Solved CPU instructions one at a time

July 29, 2013 at 07:45:46
Specs: Windows 2008
Can someone explain to me why only instruction can be sent at a time to the CPU? I am not really how it gets there either. I read somewhere about threading. Does have something to do with it? But the information I read just confused me more.

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July 29, 2013 at 07:51:29
Well that's a strange question, akin to asking why a car can only be on one road at a time, or why a toaster can only hold a single piece of bread per slot.

Perhaps a better method would be to tell us how you believe computers do what they do, and why you believe that. From there, we can explain the basic concepts.

EDIT: I should specify I'm assuming a single core without hyperthreading or complex instruction pipelining. Basically, I'm going back to the . . . let's say i386. It's a good foundation, and everything else after that just adds layers of complexity that this forum typically doesn't go into.

How To Ask Questions The Smart Way

message edited by Razor2.3

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July 29, 2013 at 08:30:46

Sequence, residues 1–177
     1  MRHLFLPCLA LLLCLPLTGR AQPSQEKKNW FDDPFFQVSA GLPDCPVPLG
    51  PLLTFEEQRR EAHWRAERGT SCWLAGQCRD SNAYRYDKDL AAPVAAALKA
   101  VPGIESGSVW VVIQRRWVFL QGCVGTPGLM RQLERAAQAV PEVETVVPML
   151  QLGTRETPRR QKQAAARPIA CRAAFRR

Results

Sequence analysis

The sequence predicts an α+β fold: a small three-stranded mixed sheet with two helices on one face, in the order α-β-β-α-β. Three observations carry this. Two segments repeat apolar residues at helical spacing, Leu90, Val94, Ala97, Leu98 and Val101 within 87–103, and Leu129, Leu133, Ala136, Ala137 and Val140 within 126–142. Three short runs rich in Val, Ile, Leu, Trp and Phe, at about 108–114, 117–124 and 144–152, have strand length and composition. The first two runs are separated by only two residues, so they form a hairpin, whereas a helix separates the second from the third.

✔ Best Answer
Your premise is mistaken. Instructions can be processed more than just step-by-step, one at a time in a modern computer. For starters, a multiple core processor can process several instructions at once. And then there are other complications such as pipelining, parallel instruction fetching, lookahead, branch prediction, etc.

The inner workings of a modern processor are far too complicated to explain in a forum post; you really need to read a book on the subject.

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July 29, 2013 at 08:56:58
Sorry I am just trying to write something out that I do not really understand. Ok so basically the car thing helped me understand much better. AHH i don't know to ask what I am thinking AHH!!!! But the car thing really helped me understand a lot better. thanks

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